The Oblate Library is a long block from the Duomo and occupies the newly restored space of a huge 13th century convent of nuns – the “oblate”. Oblate derives from the Latin for “colei che si è offerta” or “she who offered herself”.  The semi-cloistered nuns served as nurses, cleaners and cooks at the Santa Maria Nuova Hospital from the time of Dante (the hospital was built by Beatrice’s father) through the 1400s when Leonardo da Vinci was examining corpses in the tunnels that ran below the convent and for over 400 years more – until 1936 – when a new convent was created near the much larger and more modern Careggi Hospital.

Magazines and newspapers outside the children's space
Magazines and newspapers outside the children's space

The convent building was sold to the City of Florence. It first became the new home of the Museum of Prehistory as well as the central city government library that was moved from the Palazzo Vecchio.  Then it was closed for years for a full restoration, which preserved the late-Medieval, early-Renaissance bones of the building while opening the warren-like space up for two libraries – one for studying and the other for lending books, DVDs and CDs.  There is also a reading room where daily newspapers and monthly magazines are available in Italian, English, French and German.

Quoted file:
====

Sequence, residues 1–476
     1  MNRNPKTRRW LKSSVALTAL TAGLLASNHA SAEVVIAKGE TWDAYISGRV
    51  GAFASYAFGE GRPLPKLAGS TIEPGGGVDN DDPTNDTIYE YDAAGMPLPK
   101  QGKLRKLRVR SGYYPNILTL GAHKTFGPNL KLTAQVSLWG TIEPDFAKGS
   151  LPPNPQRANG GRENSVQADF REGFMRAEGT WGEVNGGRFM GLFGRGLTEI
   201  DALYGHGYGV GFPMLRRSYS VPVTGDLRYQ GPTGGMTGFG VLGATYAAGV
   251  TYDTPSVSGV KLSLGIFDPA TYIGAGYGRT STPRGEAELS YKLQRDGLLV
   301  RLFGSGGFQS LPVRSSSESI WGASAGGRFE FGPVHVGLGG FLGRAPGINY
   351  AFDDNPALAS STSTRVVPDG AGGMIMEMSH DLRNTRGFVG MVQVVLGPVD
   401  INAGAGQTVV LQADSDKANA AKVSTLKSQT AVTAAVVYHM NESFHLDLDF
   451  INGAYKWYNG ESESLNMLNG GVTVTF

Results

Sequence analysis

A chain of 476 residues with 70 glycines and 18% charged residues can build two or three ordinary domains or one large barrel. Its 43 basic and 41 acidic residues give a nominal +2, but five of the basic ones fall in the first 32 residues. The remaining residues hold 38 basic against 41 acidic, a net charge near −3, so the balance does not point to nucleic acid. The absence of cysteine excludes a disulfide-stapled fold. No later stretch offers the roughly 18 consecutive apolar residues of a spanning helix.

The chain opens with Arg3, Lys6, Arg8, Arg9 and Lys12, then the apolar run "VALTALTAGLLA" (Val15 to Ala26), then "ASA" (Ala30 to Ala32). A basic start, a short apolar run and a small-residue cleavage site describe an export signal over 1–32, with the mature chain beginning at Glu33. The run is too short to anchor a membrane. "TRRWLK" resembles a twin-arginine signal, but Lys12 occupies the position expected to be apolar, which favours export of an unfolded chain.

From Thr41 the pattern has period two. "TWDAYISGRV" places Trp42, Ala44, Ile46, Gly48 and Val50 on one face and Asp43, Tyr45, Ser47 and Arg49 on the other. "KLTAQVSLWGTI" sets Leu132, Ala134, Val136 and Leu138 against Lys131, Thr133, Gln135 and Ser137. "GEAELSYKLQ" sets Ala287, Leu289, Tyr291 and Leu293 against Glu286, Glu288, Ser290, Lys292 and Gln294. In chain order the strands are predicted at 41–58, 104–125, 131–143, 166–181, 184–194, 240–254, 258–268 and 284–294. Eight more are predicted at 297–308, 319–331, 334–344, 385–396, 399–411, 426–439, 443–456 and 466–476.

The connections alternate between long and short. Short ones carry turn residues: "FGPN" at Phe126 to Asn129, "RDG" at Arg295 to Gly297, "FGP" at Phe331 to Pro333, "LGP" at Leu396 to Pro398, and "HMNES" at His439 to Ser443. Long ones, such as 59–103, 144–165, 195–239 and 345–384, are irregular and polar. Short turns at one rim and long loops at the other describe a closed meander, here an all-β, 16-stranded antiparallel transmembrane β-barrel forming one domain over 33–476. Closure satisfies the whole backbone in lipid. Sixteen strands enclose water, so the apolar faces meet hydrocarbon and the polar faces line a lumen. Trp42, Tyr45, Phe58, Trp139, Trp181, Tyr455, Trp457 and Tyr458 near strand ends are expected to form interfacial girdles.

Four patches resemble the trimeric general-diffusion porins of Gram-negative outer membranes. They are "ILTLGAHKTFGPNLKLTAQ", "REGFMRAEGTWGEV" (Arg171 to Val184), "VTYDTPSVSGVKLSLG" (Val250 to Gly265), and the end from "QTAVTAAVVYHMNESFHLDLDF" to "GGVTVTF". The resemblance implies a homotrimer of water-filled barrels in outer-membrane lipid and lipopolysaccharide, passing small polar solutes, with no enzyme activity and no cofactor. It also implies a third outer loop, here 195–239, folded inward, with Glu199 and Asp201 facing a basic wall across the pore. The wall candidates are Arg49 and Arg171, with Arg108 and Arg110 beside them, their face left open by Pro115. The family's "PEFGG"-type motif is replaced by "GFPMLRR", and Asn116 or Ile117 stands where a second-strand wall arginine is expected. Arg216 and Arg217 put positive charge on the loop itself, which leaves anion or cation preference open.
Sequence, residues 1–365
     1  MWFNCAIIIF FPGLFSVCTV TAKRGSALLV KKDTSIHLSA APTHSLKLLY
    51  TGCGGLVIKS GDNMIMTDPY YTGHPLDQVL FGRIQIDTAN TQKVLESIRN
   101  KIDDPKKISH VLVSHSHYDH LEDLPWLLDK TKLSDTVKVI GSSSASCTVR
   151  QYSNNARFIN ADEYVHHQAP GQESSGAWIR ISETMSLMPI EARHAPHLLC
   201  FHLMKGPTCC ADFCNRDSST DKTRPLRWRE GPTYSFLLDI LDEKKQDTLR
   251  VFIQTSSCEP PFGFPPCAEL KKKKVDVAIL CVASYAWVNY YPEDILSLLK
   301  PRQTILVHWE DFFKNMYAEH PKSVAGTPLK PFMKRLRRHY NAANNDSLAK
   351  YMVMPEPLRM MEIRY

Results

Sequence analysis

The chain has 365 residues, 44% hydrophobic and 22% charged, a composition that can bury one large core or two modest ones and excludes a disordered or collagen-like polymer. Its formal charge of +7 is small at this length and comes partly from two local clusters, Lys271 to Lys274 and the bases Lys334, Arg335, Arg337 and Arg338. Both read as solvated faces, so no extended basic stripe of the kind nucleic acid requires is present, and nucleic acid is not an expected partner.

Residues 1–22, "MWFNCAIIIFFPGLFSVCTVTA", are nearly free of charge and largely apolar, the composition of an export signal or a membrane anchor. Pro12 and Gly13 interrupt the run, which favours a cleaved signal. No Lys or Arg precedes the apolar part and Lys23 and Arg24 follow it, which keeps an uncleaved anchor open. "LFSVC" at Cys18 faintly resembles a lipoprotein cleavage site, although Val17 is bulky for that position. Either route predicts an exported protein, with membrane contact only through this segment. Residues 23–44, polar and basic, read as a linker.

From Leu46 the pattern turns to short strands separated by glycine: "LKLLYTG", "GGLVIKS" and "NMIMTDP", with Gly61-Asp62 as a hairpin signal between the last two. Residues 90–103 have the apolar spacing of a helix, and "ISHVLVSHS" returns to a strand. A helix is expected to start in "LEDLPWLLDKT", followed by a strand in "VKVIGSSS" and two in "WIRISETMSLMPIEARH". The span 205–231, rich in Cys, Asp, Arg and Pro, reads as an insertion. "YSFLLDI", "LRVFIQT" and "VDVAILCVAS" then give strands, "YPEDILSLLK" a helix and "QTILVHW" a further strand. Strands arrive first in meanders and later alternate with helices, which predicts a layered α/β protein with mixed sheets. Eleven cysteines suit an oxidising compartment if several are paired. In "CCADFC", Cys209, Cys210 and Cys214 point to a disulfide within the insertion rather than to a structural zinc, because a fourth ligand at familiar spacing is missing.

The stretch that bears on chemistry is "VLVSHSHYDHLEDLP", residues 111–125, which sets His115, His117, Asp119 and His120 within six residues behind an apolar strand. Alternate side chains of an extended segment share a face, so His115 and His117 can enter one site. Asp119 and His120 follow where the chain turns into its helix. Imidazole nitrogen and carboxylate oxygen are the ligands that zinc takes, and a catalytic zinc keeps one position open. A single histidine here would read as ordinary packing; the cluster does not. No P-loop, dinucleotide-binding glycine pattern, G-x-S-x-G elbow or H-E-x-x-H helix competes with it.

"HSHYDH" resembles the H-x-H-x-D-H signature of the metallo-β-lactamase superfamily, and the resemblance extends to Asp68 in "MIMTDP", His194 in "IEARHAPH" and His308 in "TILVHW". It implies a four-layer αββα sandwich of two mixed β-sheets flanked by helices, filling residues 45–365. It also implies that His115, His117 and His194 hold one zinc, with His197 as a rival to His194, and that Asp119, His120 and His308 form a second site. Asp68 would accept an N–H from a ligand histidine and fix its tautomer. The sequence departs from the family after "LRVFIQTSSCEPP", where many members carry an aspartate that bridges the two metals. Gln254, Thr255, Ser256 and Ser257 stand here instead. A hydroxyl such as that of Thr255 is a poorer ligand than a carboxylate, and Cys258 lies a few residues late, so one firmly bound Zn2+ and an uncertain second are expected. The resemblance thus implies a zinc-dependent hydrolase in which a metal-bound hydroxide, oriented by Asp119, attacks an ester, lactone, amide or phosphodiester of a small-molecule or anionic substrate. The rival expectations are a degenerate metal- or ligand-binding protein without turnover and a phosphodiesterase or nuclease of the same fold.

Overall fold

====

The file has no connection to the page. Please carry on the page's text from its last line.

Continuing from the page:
Enjoy a cappuccino at the Oblate
Enjoy a cappuccino at the Oblate

Computers and free WiFi are also available. Children run wild in the spacious colorful biblioteca per bambini. Parents can escape to the adjoining café with a view of the cathedral’s dome. On the second floor the museum of prehistoric artifacts has reopened and can be visited for a fee.

Views from the top floor of La Biblioteca delle Oblate
Views from the top floor of La Biblioteca delle Oblate

La Biblioteca delle Oblate is worth a visit just for the panorama from the top floor or the sense of quiet offered in the walled cloister, but the friendly openness will bring you back to use the reading room, to listen to music in the outside loggia (where the nuns used to hang the hospital’s linen to dry), and maybe, even to peruse the book shelves holding a small selection of English fiction available for checkout for a month at a time.

The website of the Oblate Library is not available in English.

Address:  Via dell’Oriuolo 26  Florence

Hours: Mon. (2pm to 7pm), Tues. (9am to 10pm), Wed. to Sat. (9am to 7pm), closed Sunday.